Walls, Borders (and their crossing)
Walls....It seems like everyone these days either has one or wants to build one. The other day we were in Macedonia, walking the high ramparts of a thousand year old fortress, built when Tsar Samuel made Ohrid the capital of his Bulgarian empire. These walls were built on the foundations of even older walls as the city, originally called Lihnidos (city of light), was on the Via Egnatia, the main Roman road connecting Constantinople (Istanbul) with Rome. Even though the old city walls had 18 towers and four gates, only one original gate remains after an earthquake destroyed much of the structure in the 6th century. Yet you still get a sense of its former power and strength over which tourists now wander and wonder.
Yesterday we crossed the border between Macedonia and Albania in a small mini bus. We are always relieved when we hear that heavy thud of the immigration stamp as it comes down onto our passports marking exit and entry dates. Then we're through and entering a country which has only just come out of the communist regime of dictator Enver Hoxha.
All along the country road winding towards Tirana we see abandoned concrete bunkers on spectacular view points. They look like circular space ships or daleks with rusted wire antennae. Some are now in the middle of farm orchards, some have huge cafes, hotels or service stations built next to them on these prime sites overlooking the expanse of river valley that winds between the mountains. This is a country in transformation. The small farm holdings are verdant with crops and vegetables, cherries and apricots decorate trees. Seemingly a pastoral idyll.
This idea was soon qualified after we arrived in Tirana to walk the streets and stumble upon BUNK'ART2, a grey dalek next to the former Ministery of the Interior. I had read about the tourist sites of Tirana and that BUNK'Art was not to be missed. I thought it was going to be graffiti in former bunkers. How wrong I was.
This was an underground bunker built by the dictator Enver Hoxha as a nuclear fall out shelter complete with decontamination units, a huge complex big enough to house the government ministry. It has has now been turned into a museum of the Albanian police forces, explaining how they formed at the beginning of the 1900s, their involvement in the two World Wars and how they afterwards consolidated to become the Sigurimi, the secret police who became the eyes and ears of the dictator, the judges and executioners of people who spoke out against Hoxha's regime.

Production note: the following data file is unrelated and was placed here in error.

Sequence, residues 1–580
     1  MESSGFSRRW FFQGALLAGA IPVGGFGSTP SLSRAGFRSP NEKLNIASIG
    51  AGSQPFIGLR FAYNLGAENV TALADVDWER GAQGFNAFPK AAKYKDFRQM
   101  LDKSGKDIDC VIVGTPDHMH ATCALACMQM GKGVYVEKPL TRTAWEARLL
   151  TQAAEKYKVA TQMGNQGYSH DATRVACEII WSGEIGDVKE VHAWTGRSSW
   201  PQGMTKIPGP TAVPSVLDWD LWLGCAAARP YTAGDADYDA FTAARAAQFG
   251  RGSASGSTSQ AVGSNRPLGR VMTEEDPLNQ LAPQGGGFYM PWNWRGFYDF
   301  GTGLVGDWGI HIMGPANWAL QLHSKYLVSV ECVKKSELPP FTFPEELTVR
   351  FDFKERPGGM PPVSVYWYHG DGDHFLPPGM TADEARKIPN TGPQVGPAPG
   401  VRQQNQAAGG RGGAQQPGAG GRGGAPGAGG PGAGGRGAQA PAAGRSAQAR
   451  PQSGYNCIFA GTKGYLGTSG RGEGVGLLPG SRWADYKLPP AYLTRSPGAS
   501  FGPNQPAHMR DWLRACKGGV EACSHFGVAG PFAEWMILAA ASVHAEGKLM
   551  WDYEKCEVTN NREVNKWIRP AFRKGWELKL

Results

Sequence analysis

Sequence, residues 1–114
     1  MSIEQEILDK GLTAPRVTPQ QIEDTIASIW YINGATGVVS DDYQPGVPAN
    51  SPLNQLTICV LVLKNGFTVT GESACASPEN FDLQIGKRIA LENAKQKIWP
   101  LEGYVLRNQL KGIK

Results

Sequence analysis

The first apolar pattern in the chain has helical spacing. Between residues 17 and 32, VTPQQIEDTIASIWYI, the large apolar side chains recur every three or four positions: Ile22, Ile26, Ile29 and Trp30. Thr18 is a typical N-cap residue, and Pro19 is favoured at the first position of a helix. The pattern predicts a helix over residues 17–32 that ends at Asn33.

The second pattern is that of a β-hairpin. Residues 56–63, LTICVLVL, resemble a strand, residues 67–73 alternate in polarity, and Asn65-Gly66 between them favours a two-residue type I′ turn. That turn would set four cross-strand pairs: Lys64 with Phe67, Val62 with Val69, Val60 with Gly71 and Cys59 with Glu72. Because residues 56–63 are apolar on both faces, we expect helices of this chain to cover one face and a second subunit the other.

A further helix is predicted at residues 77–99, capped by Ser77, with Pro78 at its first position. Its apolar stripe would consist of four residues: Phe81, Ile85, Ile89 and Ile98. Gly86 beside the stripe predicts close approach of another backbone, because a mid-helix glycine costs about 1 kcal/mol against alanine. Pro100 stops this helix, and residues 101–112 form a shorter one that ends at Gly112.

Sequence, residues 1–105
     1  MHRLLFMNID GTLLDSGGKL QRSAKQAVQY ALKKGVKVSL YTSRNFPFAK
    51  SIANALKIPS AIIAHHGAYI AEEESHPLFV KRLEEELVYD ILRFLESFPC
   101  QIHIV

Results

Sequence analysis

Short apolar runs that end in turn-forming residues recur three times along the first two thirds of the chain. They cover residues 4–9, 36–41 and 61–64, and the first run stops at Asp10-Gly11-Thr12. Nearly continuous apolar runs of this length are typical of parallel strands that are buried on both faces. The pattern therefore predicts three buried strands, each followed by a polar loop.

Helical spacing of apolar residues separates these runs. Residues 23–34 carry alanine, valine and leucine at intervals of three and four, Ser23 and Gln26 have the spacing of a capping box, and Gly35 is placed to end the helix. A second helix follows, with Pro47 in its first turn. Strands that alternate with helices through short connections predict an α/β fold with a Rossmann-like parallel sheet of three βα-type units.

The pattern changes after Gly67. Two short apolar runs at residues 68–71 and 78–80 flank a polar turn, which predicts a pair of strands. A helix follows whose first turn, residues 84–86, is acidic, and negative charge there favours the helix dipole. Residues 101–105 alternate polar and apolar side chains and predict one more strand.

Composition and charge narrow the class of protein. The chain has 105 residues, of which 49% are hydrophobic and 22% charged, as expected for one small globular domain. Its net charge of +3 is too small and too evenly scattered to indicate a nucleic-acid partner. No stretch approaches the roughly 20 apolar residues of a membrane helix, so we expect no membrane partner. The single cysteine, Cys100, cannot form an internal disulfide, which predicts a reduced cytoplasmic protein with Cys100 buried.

It was a sobering encounter. Room after room contained lists of those killed, methods of law enforcement and control, examples of interrogation and surveillance devices. Corridoor after corridor of power and paranoia. During his forty years of dictatorship, Hoxha had over 750,00 bunkers built all over the countryside. This central one had entrances through the interior walls of the government building and had to have new entrances to the street made when it was turned into a museum.
Most disturbing for me was the room which held rolls of barbed wire and a model of a dog about to attack a figure shrouded in a long coat. This was one of the actual coats used to train police dogs to attack, showing all the tear marks. I thought of the infamous 'dogline' in Tasmania, a demarcation border stretched across the Tasman Peninsular at Eaglehawk Neck where dogs were chained in lines to prevent the prisoners of Van Diemans Land from escape. On that same peninsular, the "Black Line" of military and civilians who formed a human cordon to drive Aboriginal people into the southern most part of Tasmania in a six week campaign of government sanctioned genocide.
Following this tour of the bunker we went to see the infamous Tirana pyramid which was designed as a museum to celebrate Hoxha by his architect daughter and son-in-law. After Albania's communist regime ended in 1991, the museum was repurposed as a conference centre but has since fallen into disrepair and was due for demolition. Controversy erupted, with protests from historians and architects forcing the demolition order to be rescinded. The latest plans are to turn it into an art and cultural youth hub. The youth were already in evidence sliding down its side, camping out under the trees in the park, graffitiing the walls. Yet to be transformed.
What summed up this Albanian experience for me, was a visit to the National Gallery of Art, with its permanent collection of socialist didactic paintings. In the contemporary exhibition space was a retrospective of Albanian artist Edi Hila, - Painter of Transformation, showing the painting which had him 'reeducated' and sent to a poultry farm, his illicit drawings from that time, and finally his disturbing works about his country in this time of transformation.
One of the most powerful images was a series of three abstract paintings commemorating the Albanian ship Kateri i Radës full of refugees fleeing the country in March 1997. It collided with an Italian navy vessel in the Strait of Otranto which was part of an Italian military campaign to turn back the refugee boats. The Albanian boat sunk, killing at least 57 people, men, women and children.
I think about the men and families on boats trying to get to Australia, of MV Tampa which kickstarted the Howard government's refugee policy, of the Labour government's subsequent "island solution" of interring refugees in prisons on offshore islands like Manus and Nauru. I think of the men still incarcerated in Villawood after more than 6 years. I think about walls and borders, of the utter hubris of governments who preach fear and racism to their civilians.
Each time I think of walls I remember the poem by Australian poet Michael Dransfield (deceased), these last lines from his poem after a birthday